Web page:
Aram Moshayedi on Made in L.A. 2016

June 10, 2016

The third iteration of the Hammer Museum’s biennial exhibition, called “a, the, though, only,” opens June 12. Flash Art Associate Editor Eli Diner talked with co-curator Aram Moshayedi.

There are so many pitfalls with a local biennial, the very premise of which seems to be that there is something distinctive about art here. And that seems like a pretty hard case to make in 2016. Interestingly, Eckhaus Latta, who are in the show, were also included in the most recent Greater New York. Were you looking for artists who engaged with the city somehow? Do you think there is something like LA art, or is it really all just made in LA?

We were trying to avoid any semblance of Los Angeles as a site of inquiry. But naturally the city is going to seep in to the work that’s made here. The clichés of Los Angeles still persist to some degree (even when those clichés are contradicted), so we tried to unlearn what we already knew about the city and avoid any topics that would be seen as exclusively tied to this context.

The perception of a so-called regional biennial like Made in L.A. is that it’s about an inward gaze — that it’s about boosterism. But this doesn’t necessarily have to be the case. The series that the initial Hammer biennial initiated in 2012 was really about creating a platform for the artists who live and work here. Those artists may come and go, they may move on to other contexts and cities, and this is a condition of any place today. The perception of art in Los Angeles has always tended toward a kind of regional identity based on the canonization of a handful of mostly white men and their particular brand of art-making. But that isn’t the reality of the place.

You were interested in including a range of artists at various points in their careers. You have blue-chip types, emerging artists (some more widely recognized than others) as well as some older, overlooked figures. I’m interested in these two “monographic surveys” of the work of Kenzi Shiokava and Huguette Caland. I saw that show of Caland’s early work at Lombard Fried a couple years ago, which really impressed. How did the inclusion of these two artists come about? And what will the surveys entail?

There are a handful of condensed “mini-surveys” that perforate the exhibition. Caland and Shiokava are two such instances where a broad range of work is assembled to reflect the long arc of their respective careers. Rather than represent artists who have been working for decades in relative obscurity by selecting from a particular period or body of work, we chose to really go for it and pursue a retrospective impulse. But still it’s a challenge to condense a life’s work into an exhibition of this scale. It’s an even greater challenge to put figures like Caland and Shiokava in relationship to another artist like Daniel R. Small, who has been working for the past six years on a single project centered around the archaeological excavation of the site where Cecil B. DeMille filmed The Ten Commandments in 1923. While the impetus and approach of someone like Small may differ from the older artists I mentioned, the depth, heaviness and conceptual weight of this gesture is squarely on par with their shared commitment and rigor as artists.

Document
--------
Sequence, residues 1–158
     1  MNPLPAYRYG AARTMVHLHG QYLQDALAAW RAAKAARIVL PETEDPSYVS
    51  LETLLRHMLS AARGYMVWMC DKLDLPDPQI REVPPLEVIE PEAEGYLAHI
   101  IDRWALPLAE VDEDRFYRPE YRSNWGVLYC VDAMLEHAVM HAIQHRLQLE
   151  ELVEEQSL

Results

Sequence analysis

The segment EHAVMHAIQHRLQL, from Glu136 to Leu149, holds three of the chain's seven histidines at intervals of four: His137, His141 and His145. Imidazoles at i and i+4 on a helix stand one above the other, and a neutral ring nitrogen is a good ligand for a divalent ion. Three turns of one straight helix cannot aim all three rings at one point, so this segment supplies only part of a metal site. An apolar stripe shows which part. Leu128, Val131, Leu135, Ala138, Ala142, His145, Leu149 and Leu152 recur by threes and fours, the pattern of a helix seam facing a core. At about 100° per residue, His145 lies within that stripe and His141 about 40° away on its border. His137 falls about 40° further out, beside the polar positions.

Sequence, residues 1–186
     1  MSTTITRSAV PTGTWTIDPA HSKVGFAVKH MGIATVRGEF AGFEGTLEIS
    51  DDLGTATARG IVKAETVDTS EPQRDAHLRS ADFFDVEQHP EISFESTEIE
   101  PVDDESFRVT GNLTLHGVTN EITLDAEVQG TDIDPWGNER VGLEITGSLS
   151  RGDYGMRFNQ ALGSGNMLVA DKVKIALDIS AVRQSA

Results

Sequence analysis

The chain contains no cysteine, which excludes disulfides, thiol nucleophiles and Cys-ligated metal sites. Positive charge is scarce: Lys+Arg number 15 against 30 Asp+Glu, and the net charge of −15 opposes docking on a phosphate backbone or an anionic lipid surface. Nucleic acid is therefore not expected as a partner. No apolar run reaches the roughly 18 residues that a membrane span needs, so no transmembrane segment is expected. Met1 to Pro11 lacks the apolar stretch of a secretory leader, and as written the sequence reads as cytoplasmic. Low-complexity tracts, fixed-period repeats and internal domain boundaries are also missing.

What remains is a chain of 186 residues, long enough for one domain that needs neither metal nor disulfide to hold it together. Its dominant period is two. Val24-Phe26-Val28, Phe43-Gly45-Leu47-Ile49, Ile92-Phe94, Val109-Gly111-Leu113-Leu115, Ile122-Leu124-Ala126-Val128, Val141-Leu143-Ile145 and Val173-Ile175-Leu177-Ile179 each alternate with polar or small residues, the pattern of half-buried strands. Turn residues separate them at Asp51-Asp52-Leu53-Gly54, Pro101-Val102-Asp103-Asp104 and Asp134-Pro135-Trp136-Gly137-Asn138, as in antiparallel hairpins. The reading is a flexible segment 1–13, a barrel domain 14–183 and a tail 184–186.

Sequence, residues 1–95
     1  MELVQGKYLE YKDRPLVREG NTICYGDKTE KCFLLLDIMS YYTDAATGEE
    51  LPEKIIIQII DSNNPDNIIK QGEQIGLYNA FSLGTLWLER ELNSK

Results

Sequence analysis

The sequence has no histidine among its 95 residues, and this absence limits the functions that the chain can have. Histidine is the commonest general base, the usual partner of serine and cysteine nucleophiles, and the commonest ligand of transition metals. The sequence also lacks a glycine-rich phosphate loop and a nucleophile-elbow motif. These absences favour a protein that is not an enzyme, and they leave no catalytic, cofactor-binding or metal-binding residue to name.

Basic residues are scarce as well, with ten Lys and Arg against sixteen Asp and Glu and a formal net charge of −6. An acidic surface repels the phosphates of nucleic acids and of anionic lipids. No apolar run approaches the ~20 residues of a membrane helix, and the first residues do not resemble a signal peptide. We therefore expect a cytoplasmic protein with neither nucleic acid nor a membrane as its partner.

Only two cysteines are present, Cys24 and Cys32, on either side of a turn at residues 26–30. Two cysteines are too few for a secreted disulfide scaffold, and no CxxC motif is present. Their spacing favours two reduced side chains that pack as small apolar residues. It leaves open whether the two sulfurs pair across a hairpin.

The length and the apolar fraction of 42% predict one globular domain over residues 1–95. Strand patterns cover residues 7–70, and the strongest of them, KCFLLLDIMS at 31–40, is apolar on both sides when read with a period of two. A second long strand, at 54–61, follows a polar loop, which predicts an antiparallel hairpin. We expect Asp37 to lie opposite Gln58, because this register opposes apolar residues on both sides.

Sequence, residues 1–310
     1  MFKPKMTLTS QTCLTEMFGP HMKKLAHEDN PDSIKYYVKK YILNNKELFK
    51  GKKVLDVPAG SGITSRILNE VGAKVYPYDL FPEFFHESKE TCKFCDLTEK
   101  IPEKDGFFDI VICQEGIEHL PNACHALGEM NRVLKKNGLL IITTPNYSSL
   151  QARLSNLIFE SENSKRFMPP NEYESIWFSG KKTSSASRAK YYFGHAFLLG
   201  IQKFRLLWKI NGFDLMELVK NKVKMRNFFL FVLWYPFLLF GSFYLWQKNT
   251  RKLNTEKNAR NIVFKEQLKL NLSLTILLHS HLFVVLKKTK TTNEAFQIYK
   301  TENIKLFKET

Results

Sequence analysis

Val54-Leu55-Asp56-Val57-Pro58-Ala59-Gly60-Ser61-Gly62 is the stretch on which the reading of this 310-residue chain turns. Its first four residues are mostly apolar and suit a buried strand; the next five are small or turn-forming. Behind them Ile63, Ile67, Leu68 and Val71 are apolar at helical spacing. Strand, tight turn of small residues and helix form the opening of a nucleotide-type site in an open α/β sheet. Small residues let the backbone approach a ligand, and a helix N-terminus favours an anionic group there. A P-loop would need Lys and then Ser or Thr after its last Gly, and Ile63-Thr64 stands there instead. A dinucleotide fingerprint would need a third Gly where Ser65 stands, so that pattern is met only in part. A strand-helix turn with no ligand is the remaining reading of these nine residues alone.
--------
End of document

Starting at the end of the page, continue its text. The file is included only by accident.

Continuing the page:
It’s a relatively paired-down list in comparison to some more recent Made in L.A.s, but of course is expansive in other ways, with Todd Gray dressing in Doors keyboardist Ray Manzarek’s clothes and Guthrie Lonergan “inhabiting the museum’s expansive digital spaces.” What can we expect from these projects?

The participation of artists like Todd Gray and Guthrie Lonergan is, in many respects, linked to how we envisioned the inclusion of Eckhaus Latta and writer and artist Aram Saroyan. Saroyan’s minimal poem—“a, the, though, only”—which was commissioned for the context of the exhibition’s subtitle, is encountered wherever Made in L.A. is mentioned, printed or advertised. It’s very much a poem with legs and there is a certain degree of heft to this. Although “work” by Saroyan isn’t physically located within the museum, his poem casts a much wider net than any static object might be able to do on its own. And in so far as language is his medium, it seemed fitting to give this space over to him.

To a similar end, Gray is wearing the clothes of Manzarek throughout the run of the exhibition. This was something that Gray originally felt compelled to do for a year just after the keyboardist — and a good friend of Gray — passed away, but he is restaging it for Made in L.A. As a work, it reflects any commitment as great as the shift of art into life, and therefore any encounter with this gesture is fleeting at best. Gray won’t inhabit the museum and he won’t document the project as such. Instead we were interested in the work’s capacity to overrule the activities of his daily life as an artist. Within the context of the exhibition, this plays with the very ideas of substance, weight and heaviness that one may encounter elsewhere — for example, in the span of time reflected in the history of labor politics covered by Labor Link TV since its founding by artist and labor organizer Fred Lonidier in 1988. The exhibition provides a context for considering the disparity of these two approaches alongside one another, while also maintaining their independence and an engagement with their specific needs on their own terms.

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